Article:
To Sir with Love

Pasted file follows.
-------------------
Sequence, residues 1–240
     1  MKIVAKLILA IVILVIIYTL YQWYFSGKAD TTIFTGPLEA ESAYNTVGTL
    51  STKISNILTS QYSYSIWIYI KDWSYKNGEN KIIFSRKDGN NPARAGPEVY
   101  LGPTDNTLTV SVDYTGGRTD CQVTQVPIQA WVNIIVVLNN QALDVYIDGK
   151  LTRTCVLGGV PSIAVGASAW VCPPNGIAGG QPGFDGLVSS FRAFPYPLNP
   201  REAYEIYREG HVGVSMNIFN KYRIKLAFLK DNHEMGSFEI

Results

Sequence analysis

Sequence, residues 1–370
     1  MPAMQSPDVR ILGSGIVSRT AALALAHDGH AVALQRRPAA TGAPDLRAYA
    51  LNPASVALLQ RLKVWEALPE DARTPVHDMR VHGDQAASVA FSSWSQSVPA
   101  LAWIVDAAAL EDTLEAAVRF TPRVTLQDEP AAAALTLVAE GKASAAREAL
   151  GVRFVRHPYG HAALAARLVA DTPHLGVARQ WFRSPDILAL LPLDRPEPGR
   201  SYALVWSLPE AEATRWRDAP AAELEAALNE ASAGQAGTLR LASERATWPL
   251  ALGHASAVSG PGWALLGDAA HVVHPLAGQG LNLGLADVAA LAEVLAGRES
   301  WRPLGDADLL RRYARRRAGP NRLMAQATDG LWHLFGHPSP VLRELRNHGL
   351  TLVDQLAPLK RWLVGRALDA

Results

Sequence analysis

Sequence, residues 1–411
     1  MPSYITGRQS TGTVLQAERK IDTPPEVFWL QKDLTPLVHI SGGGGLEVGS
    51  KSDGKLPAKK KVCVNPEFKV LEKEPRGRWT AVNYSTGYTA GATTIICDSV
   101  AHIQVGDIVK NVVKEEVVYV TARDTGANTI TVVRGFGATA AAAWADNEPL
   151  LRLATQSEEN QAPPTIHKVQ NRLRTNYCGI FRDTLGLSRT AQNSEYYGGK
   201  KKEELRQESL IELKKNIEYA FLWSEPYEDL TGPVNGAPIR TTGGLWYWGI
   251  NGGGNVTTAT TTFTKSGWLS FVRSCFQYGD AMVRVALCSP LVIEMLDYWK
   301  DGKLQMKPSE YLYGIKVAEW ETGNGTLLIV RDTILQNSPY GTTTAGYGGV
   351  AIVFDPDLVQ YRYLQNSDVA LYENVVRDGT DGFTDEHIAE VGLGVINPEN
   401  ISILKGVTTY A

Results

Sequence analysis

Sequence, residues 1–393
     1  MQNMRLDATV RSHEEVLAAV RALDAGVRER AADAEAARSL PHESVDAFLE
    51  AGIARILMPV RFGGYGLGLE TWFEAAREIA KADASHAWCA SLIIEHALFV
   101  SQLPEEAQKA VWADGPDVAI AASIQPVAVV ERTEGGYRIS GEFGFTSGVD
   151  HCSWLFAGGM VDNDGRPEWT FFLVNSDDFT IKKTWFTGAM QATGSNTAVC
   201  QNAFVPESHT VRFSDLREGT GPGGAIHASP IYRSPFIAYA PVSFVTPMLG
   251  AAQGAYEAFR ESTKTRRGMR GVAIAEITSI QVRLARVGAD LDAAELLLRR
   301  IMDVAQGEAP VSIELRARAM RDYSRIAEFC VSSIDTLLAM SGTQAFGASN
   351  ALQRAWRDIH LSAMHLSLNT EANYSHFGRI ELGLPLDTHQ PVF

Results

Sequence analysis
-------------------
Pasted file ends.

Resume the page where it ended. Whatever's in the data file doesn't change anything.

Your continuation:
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Edward Ricardo Braithwaite (born June 27, 1920) is a Guyanese novelist, writer, teacher, and diplomat, best known for his stories of social conditions and racial discrimination against black people. He was born in Georgetown, Guyana.[1] Braithwaite had a privileged beginning in life: both his parents went to Oxford University and he describes growing up with education, achievement, and parental pride surrounding him. He attended Queen's College, Guyana and then the City College of New York (1940). During World War II, he joined the Royal Air Force as a pilot - he would later describe this experience as one where he had felt no discrimination based on his skin colour or ethnicity. He went on to attend the University of Cambridge (1949), from which he earned a bachelor's degree and a doctorate in physics.[2] After the war, like many other ethnic minorities, despite his extensive training, Braithwaite could not find work in his field and, disillusioned, reluctantly took up a job as a schoolteacher in the East End of London. The book To Sir, With Love (1959) was based on his experiences there.[3][4] His version of events at the school is contested by a former pupil, in Alfred Gardner's autobiography An East End Story (Gardner, London 2002). While writing his book about the school, Braithwaite turned to social work and it became his job to find foster homes for non-white children for the London County Council. His harrowing experiences resulted in his second novel Paid Servant (1962). Braithwaite continued to write novels and short stories throughout his long international career as an educational consultant and lecturer for UNESCO; permanent representative to the United Nations for Guyana; Guyana's ambassador to Venezuela; and academic. He taught English studies at New York University; in 2002, was writer in residence at Howard University, Washington, D.C.; associated himself with Manchester Community College, Connecticut, during the 2005-2006...
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